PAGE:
Rosengren offers “relatively strong forecast”; explores risks to that outlook
Supports patient pause in recent monetary tightening cycle
Eric Rosengren, the Boston Fed president, on Tuesday offered up a “relatively strong forecast” for the economy in 2019: growth somewhat above 2 percent, inflation close to the Fed’s 2 percent target, and a labor market that continues to tighten.
However, “risks to that outlook have increased recently,” he said, in a talk focused on assessing and managing those risks.
The fourth quarter of 2018 featured drops in stock indices, rising stock volatility, falling oil prices, dropping long Treasury rates, and widening credit spreads.
But “after the calendar turned to 2019, many financial markets recovered smartly.”
“However, many of the underlying global growth issues that generated the recent spate of financial-market concerns are as yet unresolved,” Rosengren observed. These issues include slowing growth in China and Europe, constraints on international trade, the potential for Brexit-generated challenges, and problems at some European banks.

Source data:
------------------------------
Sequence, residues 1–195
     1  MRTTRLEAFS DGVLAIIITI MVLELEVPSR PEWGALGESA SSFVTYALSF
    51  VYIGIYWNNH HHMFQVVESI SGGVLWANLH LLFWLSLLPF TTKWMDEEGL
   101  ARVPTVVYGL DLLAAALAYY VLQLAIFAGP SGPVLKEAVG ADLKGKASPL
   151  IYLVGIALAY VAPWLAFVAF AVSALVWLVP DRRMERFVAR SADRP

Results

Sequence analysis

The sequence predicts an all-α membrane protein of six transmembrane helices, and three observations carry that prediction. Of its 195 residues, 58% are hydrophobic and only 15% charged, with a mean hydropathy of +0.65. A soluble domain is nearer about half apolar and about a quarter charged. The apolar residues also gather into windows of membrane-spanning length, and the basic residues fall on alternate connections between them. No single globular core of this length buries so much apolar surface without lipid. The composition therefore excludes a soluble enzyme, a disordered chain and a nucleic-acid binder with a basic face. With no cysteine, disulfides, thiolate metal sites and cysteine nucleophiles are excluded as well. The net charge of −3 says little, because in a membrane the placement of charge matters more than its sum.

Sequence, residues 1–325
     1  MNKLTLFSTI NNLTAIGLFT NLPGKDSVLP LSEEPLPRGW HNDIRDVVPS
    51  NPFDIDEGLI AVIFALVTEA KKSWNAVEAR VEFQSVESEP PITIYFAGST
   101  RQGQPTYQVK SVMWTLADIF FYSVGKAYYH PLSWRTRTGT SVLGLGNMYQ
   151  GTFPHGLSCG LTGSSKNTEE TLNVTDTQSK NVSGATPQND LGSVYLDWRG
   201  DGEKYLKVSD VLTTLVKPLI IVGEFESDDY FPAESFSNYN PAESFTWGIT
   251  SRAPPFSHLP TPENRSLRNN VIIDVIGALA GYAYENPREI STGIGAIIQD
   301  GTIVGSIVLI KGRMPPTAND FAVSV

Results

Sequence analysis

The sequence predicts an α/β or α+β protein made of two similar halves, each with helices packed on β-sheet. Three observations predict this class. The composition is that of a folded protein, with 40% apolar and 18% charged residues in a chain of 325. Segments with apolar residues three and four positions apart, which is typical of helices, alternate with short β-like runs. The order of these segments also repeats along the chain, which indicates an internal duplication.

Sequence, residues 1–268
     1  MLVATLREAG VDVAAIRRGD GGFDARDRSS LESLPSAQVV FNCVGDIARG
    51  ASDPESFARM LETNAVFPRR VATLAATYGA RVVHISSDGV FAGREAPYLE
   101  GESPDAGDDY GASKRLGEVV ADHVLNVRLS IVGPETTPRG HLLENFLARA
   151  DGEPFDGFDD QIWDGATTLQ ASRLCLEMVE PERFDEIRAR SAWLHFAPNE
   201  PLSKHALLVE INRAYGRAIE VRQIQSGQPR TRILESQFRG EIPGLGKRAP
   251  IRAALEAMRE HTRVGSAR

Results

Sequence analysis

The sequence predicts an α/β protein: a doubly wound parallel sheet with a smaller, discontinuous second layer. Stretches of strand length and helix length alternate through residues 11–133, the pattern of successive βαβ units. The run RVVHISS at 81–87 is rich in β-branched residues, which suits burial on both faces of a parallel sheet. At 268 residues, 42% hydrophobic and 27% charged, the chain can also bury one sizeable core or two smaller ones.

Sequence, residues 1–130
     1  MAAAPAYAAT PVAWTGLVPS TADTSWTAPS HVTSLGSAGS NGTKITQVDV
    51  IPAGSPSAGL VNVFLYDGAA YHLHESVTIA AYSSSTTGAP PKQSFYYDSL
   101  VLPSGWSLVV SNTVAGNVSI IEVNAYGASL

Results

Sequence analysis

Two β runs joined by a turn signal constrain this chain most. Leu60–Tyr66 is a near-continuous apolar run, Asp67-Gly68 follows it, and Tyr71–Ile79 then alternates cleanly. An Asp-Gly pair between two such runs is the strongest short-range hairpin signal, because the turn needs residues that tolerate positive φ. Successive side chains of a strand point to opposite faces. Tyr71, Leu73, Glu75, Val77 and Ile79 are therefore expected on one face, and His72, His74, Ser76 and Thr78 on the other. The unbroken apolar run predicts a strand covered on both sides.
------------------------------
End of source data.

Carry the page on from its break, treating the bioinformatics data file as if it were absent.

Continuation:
While there has been some recovery in equity prices, financial markets continue to price in downside risks to the economy. This is most obvious in longer Treasury rates and wider credit spreads, consistent with the ongoing risks posed by slower global growth.
It remains to be seen if signs of economic weakness at the end of 2018 reflect an underlying slowdown, or were a response to “temporary concerns that may fade.”
“There is some risk that more pronounced slowdowns in the rest of the world could dampen U.S. growth more than I am forecasting,” said Rosengren.
While labor markets are tight and wage pressures are rising, inflation is so far quite well behaved. And “earlier concerns that the economy might overheat in a number of ways seem somewhat less pressing at this juncture,” he added.
“Together these factors are sufficient to justify a pause in the recent monetary tightening cycle,” said Rosengren. “In the face of heightened risks, policymakers can be patient,” waiting to better discern the direction of the economy before taking further monetary policy action.
Rosengren was speaking before the National Association of Corporate Directors, New England Chapter, in Boston.